I haven’t seen it mentioned yet, but perhaps I just missed it: According to Wikipedia, Belo also owns KING. Could explain a bit….

  • Stephen Gordon

    EOC:

    Interesting…

  • http://www.pnar.org Tom Blanton

    Cezar writes:

    “Dropping down to the Republicrats level and suing for breaking a law most Libertarians wouldn’t agree with (Limiting contributions) is not something I would support.”

    And Mr. Gordon has it right:

    “If we are to have to play by the rules, shouldn’t our opposition have to play by the same rules?”

    Another issue is whether corporations should be able to contribute a dime to any political cause. Freedom of speech is a natural right, allegedly protected by the 1st Amendment. Corporations have no natural rights – they are fictitious entities created by statute. They can’t vote, can’t “speak”, can’t go to prison, and can’t think – they are a piece of paper.

    It is my understanding that during an earlier time in this country, corporations did not contribute to politicians as it was considered bribery. The unholy alliance between corporations and government has resulted in a fascist economic system in America.

    Sue the corporate bastards and boycott them too!

  • http://libertyforamerica.net/blog/24 Equal Opportunity Cynic

    To give credit where due, I noticed that Greg Clark made the same point in a post I had missed.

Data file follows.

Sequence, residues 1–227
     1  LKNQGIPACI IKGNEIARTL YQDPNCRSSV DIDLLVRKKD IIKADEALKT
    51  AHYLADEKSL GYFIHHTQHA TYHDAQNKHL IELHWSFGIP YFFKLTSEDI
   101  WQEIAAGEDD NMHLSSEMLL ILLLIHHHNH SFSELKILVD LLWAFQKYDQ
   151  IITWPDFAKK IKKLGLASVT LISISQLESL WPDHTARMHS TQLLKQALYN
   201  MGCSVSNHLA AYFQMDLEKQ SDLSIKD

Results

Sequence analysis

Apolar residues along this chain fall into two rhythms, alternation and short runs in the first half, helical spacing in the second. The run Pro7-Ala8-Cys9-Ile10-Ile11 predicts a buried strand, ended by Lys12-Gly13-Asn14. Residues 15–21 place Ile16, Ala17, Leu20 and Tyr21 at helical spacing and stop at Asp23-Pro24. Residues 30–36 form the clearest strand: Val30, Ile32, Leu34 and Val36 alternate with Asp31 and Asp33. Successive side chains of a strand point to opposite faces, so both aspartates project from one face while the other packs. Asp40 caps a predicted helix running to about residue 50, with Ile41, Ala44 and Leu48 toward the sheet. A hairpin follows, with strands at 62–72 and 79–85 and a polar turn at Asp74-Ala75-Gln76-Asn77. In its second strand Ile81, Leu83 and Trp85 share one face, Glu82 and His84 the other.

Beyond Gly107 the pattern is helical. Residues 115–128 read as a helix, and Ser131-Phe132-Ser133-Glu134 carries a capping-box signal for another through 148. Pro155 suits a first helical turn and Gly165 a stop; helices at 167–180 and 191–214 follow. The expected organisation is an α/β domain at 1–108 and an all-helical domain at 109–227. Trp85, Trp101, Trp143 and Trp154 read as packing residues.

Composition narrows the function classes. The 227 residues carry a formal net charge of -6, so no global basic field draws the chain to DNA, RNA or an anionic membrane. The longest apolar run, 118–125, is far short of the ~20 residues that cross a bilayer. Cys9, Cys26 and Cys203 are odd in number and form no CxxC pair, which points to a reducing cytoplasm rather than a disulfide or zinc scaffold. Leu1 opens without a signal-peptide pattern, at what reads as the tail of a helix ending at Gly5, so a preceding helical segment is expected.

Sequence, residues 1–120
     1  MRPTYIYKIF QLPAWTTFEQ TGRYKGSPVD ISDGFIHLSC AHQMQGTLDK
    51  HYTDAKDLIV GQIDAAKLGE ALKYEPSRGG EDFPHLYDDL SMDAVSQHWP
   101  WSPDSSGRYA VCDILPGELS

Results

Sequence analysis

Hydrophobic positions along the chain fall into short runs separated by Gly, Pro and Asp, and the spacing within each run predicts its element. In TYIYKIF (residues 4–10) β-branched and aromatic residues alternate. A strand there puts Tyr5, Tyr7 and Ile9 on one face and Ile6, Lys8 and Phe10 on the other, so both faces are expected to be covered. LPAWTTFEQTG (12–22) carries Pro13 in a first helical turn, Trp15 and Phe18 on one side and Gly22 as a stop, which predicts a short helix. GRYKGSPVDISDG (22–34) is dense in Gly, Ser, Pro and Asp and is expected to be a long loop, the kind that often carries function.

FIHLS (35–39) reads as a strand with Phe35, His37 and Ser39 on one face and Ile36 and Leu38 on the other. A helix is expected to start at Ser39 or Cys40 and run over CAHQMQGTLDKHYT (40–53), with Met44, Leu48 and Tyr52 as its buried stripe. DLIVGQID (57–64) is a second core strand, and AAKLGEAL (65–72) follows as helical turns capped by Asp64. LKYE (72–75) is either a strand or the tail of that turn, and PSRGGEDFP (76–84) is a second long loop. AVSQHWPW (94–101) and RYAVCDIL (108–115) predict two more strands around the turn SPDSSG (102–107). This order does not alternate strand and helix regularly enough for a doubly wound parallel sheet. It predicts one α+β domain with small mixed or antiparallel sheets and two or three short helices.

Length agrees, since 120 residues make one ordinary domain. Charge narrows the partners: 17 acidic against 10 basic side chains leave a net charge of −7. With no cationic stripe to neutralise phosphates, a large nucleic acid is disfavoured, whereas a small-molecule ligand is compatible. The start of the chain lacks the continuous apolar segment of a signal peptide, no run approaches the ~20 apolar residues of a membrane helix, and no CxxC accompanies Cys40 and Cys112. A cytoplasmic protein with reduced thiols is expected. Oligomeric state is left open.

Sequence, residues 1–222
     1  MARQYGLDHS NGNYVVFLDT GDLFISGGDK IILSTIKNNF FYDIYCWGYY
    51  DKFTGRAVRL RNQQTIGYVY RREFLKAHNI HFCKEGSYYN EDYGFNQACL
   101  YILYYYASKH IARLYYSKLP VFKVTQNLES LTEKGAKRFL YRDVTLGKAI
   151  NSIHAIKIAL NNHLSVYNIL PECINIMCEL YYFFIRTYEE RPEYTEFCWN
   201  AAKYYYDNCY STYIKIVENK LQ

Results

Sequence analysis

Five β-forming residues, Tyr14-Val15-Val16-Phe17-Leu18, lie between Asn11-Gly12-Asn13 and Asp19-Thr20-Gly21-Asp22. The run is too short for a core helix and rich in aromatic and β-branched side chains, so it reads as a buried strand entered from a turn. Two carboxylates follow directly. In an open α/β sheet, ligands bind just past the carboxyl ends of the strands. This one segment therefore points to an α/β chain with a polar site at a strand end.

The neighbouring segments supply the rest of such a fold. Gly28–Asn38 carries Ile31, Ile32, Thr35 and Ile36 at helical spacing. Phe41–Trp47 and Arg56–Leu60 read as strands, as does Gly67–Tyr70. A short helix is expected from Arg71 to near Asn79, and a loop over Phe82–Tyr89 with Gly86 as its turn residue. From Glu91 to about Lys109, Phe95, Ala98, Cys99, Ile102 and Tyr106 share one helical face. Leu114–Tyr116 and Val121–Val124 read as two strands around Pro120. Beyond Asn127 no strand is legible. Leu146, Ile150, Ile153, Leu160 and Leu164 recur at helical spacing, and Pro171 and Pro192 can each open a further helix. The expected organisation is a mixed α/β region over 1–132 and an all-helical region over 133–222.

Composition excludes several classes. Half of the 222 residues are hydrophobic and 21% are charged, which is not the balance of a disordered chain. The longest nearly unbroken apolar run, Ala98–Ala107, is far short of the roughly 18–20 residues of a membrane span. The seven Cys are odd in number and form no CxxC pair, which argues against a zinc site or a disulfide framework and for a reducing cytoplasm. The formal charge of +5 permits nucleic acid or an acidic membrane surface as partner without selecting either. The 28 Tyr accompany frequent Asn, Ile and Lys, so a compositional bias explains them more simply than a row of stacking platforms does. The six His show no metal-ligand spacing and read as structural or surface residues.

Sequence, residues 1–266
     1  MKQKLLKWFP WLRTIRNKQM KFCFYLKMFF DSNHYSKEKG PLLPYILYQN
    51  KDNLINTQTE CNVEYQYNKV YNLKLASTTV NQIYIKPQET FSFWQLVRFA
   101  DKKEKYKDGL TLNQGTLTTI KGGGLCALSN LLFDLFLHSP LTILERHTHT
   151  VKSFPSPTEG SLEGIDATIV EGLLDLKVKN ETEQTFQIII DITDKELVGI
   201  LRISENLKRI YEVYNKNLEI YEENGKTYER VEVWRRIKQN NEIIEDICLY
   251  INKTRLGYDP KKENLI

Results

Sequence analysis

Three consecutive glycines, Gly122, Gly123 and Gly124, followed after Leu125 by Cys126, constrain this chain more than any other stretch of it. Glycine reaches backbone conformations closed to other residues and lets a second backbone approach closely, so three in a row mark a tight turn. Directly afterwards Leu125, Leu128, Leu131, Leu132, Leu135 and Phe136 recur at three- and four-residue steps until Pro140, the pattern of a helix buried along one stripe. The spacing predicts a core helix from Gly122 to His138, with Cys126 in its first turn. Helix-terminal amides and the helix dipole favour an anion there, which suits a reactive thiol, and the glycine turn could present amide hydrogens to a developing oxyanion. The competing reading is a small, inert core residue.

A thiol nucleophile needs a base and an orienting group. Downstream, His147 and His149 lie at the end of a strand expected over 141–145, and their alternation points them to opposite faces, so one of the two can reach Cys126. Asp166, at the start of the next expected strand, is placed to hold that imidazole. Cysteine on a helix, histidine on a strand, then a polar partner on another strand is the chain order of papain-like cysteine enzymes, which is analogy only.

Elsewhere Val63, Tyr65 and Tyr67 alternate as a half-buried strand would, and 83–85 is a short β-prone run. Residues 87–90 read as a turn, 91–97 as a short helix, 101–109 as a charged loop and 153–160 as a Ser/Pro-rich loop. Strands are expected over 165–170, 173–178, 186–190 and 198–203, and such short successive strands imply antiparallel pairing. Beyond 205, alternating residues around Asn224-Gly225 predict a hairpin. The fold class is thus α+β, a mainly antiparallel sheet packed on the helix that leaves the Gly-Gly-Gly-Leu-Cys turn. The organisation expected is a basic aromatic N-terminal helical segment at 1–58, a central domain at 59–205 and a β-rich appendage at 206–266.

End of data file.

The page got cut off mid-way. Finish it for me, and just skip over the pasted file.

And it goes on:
Maybe they file a class-action suit along with other Libertarians around the country, getting systematically snubbed.

  • http://freelancify.com Nigel Watt

    Hm. Belo owning KING makes it far more suspicious. I say sue their pants off. They wrote the rules.

  • Timothy West

    of course, it has been vast media deregulation and the abandonment of the airwaves viewed as a public resource instead of something to be owned that has created this problem. Reagan turned the FCC into a wholly owned subsidary and whore of the NAB and like minded asshats, who lobbyed against true citizen radio and TV broadcasting and continue to fight it.

    I believe the dereg of the media had the exact opposite effect that was intended. The media today is worse by far than it was when the Fairness Doctrine was enforced.

    Broadcasters use a common public resource ( radio & TV spectrum space ) to make billions from each year – they should be required to make usage payments directly to the people they serve for that privledge. Corporate usage of common resources without payment to the true owners of those resources, all of us, is disgusting to me.

    I say bypass government and pay the people directly for the
    usage of natural resources. Spectrum space is one of those things.

  • Greg Clark

    Yes, they did write the rules. KING 5 said if we raised $1.2 Million then Bruce could be in the debate. Now they are saying that they aren’t sure anymore.

    The LPWA has a legal fund set up for just this kind of problem. We have already defeated the state government on election law in federal court and had our attorney’s fees paid so we are fully prepared to go the distance on this.